You don’t want to land in the emergency room of a hospital with your wrists cuffed to the bed, a policeman waiting outside to take you in as soon as the doctors say you’re fine.
Tires hold a lot of pressure, and there may be debris from the burst which can cause injury to your eyes and face.
Don’t pull out immediately because there might be some hiss with the escaping air.
Pull the knife out slowly
Now pull the knife out slowly. When you do, the puncture should be too small to be seen. Put away your knife and walk away as casually as possible.
This time, say no greeting to anyone, you don’t want them recording your voice or anything. Remember to ditch the knife as soon as possible, you don’t want the evidence lying around.
A further word on making the slash quiet:
You don’t want to be associated with the noise the tire makes when it bursts. You know what happens if you are caught.
So one more tip:
Before you make the cut with your knife get a piece of cloth, maybe a used piece of jacket you’ve trashed.
Hold the cloth around the handle of the knife as you bring the knife down hard on the sidewall of the tire.
You have to do both simultaneously as you make the cut: choke the slash with the cloth to muffle the hiss as the air escapes out of the tire.
A quieter way to slash a tire if you don’t care how you achieve making the tire unusable for the owner is by using a nail.
Get a brand new nail, one with a cap, and set it such that the nail’s sharp point is against the groove between the treads of the tire, and the cap sitting on the floor.
You could leave this nail either in one of the rear tires or the front, depending on which direction the vehicle is likely to go when the owner wants to move it.
When the car moves against the nail, it would be punctured. This method is more furtive, less vengeful.
But if slashing is what rocks your boat, then actually puncturing the tire with a knife is what you’d do.
How much force does it take to slash a tire?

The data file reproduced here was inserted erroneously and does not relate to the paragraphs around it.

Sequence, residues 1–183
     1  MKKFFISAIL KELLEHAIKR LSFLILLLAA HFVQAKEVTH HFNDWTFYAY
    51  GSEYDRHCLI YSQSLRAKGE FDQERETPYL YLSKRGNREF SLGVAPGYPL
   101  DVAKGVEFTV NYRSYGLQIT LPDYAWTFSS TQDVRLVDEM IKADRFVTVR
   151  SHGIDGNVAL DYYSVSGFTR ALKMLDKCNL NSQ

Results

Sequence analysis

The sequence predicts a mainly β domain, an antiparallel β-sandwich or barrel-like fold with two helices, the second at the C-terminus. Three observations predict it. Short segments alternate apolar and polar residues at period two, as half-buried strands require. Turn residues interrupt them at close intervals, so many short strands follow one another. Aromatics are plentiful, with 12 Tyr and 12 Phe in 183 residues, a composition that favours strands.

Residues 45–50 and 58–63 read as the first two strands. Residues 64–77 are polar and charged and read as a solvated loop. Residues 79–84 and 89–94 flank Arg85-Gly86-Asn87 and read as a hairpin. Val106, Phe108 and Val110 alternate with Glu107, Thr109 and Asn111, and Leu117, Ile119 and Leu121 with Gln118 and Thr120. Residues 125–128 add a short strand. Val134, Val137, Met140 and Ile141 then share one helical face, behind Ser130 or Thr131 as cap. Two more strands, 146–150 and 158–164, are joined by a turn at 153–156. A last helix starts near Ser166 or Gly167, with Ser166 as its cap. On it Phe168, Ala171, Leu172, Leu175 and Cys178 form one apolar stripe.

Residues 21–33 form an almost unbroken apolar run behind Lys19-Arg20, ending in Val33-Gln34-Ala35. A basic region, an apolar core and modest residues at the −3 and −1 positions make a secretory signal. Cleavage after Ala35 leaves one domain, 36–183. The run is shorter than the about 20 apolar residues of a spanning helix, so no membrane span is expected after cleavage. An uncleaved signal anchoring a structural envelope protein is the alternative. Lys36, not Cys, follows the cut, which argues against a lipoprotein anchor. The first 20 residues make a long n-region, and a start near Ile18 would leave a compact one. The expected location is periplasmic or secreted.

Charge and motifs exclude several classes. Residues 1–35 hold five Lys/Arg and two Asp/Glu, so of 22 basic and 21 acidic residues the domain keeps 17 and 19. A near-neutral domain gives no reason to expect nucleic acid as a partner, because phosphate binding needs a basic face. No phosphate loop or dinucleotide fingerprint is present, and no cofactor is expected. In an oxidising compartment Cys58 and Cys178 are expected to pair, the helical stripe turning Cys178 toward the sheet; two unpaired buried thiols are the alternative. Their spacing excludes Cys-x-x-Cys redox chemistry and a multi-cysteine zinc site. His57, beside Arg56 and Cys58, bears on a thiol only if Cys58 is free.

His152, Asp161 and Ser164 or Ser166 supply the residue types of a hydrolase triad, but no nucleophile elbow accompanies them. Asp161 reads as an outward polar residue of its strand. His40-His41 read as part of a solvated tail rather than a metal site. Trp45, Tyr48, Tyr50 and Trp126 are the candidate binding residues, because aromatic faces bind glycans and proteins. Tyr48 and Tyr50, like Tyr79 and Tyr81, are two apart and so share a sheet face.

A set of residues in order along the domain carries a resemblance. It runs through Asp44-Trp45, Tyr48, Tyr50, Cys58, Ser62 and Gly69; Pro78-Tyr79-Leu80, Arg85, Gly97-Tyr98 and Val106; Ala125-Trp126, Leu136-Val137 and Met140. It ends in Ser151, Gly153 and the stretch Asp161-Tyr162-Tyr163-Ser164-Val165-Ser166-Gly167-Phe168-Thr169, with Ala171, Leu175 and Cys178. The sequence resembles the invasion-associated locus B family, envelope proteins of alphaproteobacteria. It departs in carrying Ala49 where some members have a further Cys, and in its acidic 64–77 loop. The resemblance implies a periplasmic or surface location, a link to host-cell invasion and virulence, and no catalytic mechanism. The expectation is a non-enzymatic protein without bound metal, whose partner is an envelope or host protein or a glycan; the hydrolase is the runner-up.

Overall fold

It would take considerable force if you are a newbie and your knife is not sharp enough. If you don’t do it right you may end up hurting yourself.
Tires are manufactured using thick rubber in order for the tires to be durable and be able to withstand the rigors of use on the road.
Surely you don’t expect that your knife will stick in so easily, and with little effort. Imagine if all tires were that easy to burst.
Tires are assaulted all the time on the road by sharp objects like nails – even though nails can puncture them too; sharp edges on the curb, potholes, and hard protruding wood.
The sidewall of the tire is even more flexible and would resist the point of your knife if your knife is not sufficiently sharp.
You will need just one hard swoop directed at the sidewall to puncture and then begin to slash the tire.
Can you drive long on a slashed tire?
You can’t drive on a slashed tire. A slashed tire is either losing air or is flat already.
If you know anyone who’s driven on slashed tires, they have to be bonkers. And it doesn’t mean you should. If your tire has been slashed overnight or while you aren’t looking, don’t try to drive on it.
If the tire is still standing and is not flat yet, then check the extent of the damage.
If the tire is leaking air you should hear it. But if you have to get away fast and the tire is still inflated, then you can drive with the tire for about five miles.
Note that the more you drive, the faster the tire loses air.
Achieving a quiet slash is not difficult. All you need is guts, very sharp objects, sufficient strength to drive the knife in, and a cloth to muffle the sound. Then as soon as the deed is done, hightail it.